Soybeans, tariffs an issue at end of N.D. Senate race
November 5, 2018
BISMARCK, N.D. — President Donald Trump's tariffs on foreign steel and aluminum and the resulting tariffs that China has imposed on U.S. soybeans remain an issue in the final days of the race between Sen. Heidi Heitkamp, D-N.D., and Rep. Kevin Cramer, R-N.D., one of the tightest in the country.
In an ad against Rep. Kevin Cramer, D-N.D., the Senate Majority PAC, a Democratic group working to win Senate races, superimposed a photo of Cramer on top of a pile of soybeans.
Cramer has defended Trump's trade policy, and Heitkamp and others have criticized him for not being more sensitive to issues of concern to North Dakota farmers.
Republicans, meanwhile, continued to hit Heitkamp on social issues and said the $13.2 million in contributions her campaign received after she voted against Brett Kavanaugh for the Supreme Court proved that she is "bought and paid for by the liberal left."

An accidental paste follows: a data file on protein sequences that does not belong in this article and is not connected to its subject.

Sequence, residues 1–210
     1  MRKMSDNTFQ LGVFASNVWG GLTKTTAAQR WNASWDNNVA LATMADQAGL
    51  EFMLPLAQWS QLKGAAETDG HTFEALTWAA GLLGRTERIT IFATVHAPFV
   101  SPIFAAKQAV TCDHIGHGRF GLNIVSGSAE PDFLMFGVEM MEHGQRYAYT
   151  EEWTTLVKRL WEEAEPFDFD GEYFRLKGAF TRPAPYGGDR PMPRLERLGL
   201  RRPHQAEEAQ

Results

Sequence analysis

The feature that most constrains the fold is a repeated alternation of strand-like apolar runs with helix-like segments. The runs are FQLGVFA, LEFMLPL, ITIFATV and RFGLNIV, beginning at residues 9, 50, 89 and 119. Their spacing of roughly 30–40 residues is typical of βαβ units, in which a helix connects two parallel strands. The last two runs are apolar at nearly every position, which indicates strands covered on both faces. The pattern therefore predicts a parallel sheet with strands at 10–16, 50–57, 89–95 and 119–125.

Polls in October showed Cramer ahead, but there have been no recent polls and Democrats say their internal polls show the race to be close.
Voter turnout and suppression have also become major issues in the state.
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Following a Supreme Court ruling that upheld a North Dakota law requiring proof of a street address for voting, many Native Americans and Democrats have charged that the Republicans want to suppress the Native American vote by requiring street addresses.
Tribal governments are working on providing voters who use post office boxes with street addresses, while nonprofit groups are working on getting out the Native American vote.
The North Dakota Democratic Party also advertised that people who vote in North Dakota may endanger their out-of-state hunting licenses. The Republicans and fact-checkers have said that is not true, but Heitkamp has explained that the ads are referring to hunting licenses based on in-state or out-of-state residence, which are treated differently in some cases. Facebook removed the ad, The Bismarck Tribune reported.
Tensions over the race are so high that at gatherings of family and friends here last weekend, people avoided the subject of the election, even though it was only a few days away.